One in five adolescents not in school as ‘education for all’ promise is broken

Around 63 million adolescents have been denied their right to education, making them twice as likely to be out of school than primary school-age children, according to a report published on Monday.

In total, 121 million children and adolescents have either never started school or have dropped out, with children living in conflict, child labourers and those facing discrimination because of ethnicity, gender and disability the most affected, the joint report by two UN agencies said.

The report, Fixing the Broken Promise of Education for All, was released at the start of a critical year for global development, with UN member states due to meet in New York in September to finalise a new set of targets – the sustainable development goals (SDGs) – to replace the millennium development goals (MDGs) that expire at the end of this year.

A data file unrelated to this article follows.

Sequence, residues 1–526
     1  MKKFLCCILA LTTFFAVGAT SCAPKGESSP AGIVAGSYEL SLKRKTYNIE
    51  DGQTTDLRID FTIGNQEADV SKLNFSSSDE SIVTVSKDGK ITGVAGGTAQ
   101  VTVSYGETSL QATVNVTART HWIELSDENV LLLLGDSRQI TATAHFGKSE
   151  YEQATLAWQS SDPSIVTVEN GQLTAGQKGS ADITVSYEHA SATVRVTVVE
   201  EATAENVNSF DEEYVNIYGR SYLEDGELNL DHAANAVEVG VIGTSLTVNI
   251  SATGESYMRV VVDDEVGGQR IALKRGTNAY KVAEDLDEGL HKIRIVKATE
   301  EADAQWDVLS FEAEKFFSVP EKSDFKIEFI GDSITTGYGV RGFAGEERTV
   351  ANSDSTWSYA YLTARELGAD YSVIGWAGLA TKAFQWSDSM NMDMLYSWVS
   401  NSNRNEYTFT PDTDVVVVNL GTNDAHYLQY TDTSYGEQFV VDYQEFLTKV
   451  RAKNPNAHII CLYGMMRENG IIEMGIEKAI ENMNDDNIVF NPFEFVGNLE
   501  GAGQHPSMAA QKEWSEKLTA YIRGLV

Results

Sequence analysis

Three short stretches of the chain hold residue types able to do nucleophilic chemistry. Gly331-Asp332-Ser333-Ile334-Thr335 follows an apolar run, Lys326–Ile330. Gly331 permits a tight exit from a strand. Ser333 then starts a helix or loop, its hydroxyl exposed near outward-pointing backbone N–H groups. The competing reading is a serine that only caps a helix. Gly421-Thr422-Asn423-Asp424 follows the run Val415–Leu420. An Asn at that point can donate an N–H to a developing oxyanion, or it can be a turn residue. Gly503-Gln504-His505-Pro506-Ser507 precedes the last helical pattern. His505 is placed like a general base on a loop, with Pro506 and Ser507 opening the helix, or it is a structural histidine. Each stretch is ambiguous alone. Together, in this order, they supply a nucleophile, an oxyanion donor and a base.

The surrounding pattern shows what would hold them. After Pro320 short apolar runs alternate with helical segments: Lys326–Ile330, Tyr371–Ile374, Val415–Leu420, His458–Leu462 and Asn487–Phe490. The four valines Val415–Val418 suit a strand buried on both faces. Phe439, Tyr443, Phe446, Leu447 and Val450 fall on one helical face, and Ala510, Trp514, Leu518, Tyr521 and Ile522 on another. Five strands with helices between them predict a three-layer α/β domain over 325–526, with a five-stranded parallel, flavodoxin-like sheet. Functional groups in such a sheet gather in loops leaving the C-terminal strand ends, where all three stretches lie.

Under the MDGs, countries were asked to ensure that, by 2015, children everywhere would be able to complete a full course of primary schooling. UN figures show that the adjusted net enrolment rate for primary education rose from 88% in 1990 to 90% in 2012, but millions of children are still outside the education system.

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Nelson Mandela

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